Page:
Spain races to bail out bank as debt fears stalk Europe

Euro plunges as Bankia shares are suspended

Spain's economic crisis intensified yesterday as Madrid prepared to pump at least €15bn (£12bn) into the country's fourth-biggest bank, sending the euro plunging on a fresh day of turmoil for the eurozone.

Shares in Bankia, which has already been propped up by the Spanish taxpayer, were suspended on the Madrid stock exchange ahead of the move. Spain's cost of borrowing on international money markets also soared as Catalonia – the country's wealthiest region – said it may need a handout from the central government to pay its bills.

Last night, in another blow to the embattled nation, the Standard and Poor's ratings agency downgraded the credit ratings of five Spanish lenders including Bankia, which, along with Banco Popular Español and Bankinter, was cut to junk.

The latest crisis comes against a backdrop of alarm over a possible Greek exit from the single currency, a prospect which has sent tremors through global stock markets this week. Yesterday, the euro fell below $1.25 to a fresh 22-month low against the dollar and also lost ground against the pound.

As well as Bankia's bailout in Spain, Greece's four biggest lenders were also in line for an €18bn capital injection under the terms of its €130bn rescue. Even Scandinavia's much stronger banks were under the spotlight as the ratings agency Moody's cut its credit ratings on three of the biggest players in Norway and Sweden, citing the potential impact of the debt crisis on their access to funding.

Fund managers have caught fright at the increasing risk of contagion in the eurozone ahead of a possible Greek exit, and are rushing to dump euro assets. This week's inconclusive Brussels summit did little to inspire confidence and Citigroup analysts warn that the euro could even fall to parity with the dollar.

Markets remained jittery yesterday despite reports that Angela Merkel, the German Chancellor, was drawing up a plan to boost Greece and protect the eurozone. Der Spiegel magazine said Germany was working on proposals that included special economic zones in troubled countries to attract investment.

Meanwhile, Madrid is in the process of nationalising Bankia, which holds some 10 per cent of Spain's bank deposits, after it was unable to raise enough capital to cover heavy losses from loans to property developers. Spain has made several unsuccessful attempts to tackle the banking sector's €300bn exposure to a property boom in 2007-08.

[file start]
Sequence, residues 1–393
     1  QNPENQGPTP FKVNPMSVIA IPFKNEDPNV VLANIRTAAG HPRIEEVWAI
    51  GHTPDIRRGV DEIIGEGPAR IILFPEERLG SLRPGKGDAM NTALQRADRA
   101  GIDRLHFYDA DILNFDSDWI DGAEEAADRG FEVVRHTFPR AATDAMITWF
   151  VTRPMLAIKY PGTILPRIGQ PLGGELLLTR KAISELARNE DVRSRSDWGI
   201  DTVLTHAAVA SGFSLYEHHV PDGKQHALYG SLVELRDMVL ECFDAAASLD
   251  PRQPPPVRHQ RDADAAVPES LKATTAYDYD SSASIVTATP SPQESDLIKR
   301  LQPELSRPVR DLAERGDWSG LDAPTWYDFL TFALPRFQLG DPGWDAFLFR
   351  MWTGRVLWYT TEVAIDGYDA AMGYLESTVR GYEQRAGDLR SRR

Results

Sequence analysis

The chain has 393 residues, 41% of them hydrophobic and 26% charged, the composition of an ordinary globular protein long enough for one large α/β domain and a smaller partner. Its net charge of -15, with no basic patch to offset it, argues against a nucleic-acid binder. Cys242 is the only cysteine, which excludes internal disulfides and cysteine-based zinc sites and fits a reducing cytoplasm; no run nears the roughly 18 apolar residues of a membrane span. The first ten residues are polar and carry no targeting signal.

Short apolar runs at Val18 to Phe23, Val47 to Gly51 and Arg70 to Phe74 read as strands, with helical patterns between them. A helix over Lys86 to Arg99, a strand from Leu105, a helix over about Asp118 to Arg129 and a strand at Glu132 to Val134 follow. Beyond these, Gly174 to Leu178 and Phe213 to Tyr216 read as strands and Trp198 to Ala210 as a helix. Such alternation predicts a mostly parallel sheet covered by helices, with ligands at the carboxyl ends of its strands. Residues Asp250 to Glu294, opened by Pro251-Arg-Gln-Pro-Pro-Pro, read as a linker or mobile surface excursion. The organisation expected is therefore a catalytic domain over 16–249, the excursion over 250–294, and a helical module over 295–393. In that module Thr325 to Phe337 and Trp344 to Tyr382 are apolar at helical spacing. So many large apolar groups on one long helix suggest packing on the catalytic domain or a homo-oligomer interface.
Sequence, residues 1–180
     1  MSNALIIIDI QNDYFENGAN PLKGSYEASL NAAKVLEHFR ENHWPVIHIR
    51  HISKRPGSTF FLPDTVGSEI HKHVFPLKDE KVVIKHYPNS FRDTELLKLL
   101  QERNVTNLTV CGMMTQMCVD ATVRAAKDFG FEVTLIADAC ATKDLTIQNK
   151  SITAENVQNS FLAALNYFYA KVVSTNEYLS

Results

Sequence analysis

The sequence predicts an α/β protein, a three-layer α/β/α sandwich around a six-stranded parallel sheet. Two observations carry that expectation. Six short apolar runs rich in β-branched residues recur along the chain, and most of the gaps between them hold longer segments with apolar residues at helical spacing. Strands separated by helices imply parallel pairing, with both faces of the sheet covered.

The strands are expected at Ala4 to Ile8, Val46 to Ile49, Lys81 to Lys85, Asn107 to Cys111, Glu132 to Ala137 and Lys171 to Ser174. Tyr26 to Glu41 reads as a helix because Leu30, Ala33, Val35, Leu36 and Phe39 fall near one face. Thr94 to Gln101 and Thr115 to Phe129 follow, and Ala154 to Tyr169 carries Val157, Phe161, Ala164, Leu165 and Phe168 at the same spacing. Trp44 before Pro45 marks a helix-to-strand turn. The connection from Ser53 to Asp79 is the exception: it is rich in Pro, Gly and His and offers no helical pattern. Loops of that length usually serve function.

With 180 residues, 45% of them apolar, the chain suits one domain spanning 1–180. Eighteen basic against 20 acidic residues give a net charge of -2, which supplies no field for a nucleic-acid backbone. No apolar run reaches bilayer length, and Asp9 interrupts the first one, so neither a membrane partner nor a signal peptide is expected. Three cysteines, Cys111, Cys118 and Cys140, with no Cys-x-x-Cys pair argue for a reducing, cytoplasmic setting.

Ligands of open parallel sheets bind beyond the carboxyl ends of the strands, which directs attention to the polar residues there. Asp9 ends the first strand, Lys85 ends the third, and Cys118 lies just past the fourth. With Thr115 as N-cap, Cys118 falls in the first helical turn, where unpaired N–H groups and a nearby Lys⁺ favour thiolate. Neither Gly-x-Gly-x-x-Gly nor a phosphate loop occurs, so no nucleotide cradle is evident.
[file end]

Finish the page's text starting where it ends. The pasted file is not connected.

With €184bn of these loans said to be "problematic" by Spain's central bank, the scale of the crisis is such that investors fear Prime Minister Mariano Rajoy's centre-right government will have to ask for international aid to prop up its lenders. The nation has, meanwhile, slumped back into recession as Mr Rajoy looks to slash €45bn from the budget to bring down the deficit.

Madrid has demanded that the banks set aside an extra €84bn in provisions for property losses this year as well as spinning off bad debts into separate asset management companies. The government has already spent €4.5bn to prop up Bankia and the entire rescue now totals some €20bn. Michael Symonds, an analyst at Daiwa Capital Markets Europe, warned Bankia was the "tip of the iceberg" and criticised Spain for taking a "piecemeal approach". He warned: "Our view is that if Greece leaves the euro and contagion spreads to Spain and Italy, no amount of capital will be adequate."

Spain will have to go to the markets to raise debt to put into Bankia at a time when its borrowing costs are heading towards unsustainable levels. But its job was made even harder yesterday after the warning from Catalonia – which accounts for a fifth of the Spanish economy – that it was running out of options over refinancing €13bn of debt falling due this year.

The Catalan President Artur Mas said: "We need to make payments at the end of the month. Your economy can't recover if you can't pay your bills." The prospect of yet more borrowing by Spain sent its 10-year borrowing costs up to 6.27 per cent, back towards the 7 per cent level seen as the trigger for a bailout.

The debt burden of Spain's 17 devolved regions – alongside the bad loans of its banks – could stretch finances to breaking point. All of the regions together have €36bn in debt to refinance this year, as well as an authorised deficit of €15bn. Last year, many of the regions financed debt by falling months or even years behind in payments to service providers such as street cleaners.

Greece's central bank chief, George Provopoulos, said extra funds for his country's biggest banks were "important in a period of great uncertainty".

Moody's cut its ratings on Sweden's Nordea and Handelsbanken, and Norway's DNB, by one notch, despite healthy economic growth and some of Europe's strongest capital buffers.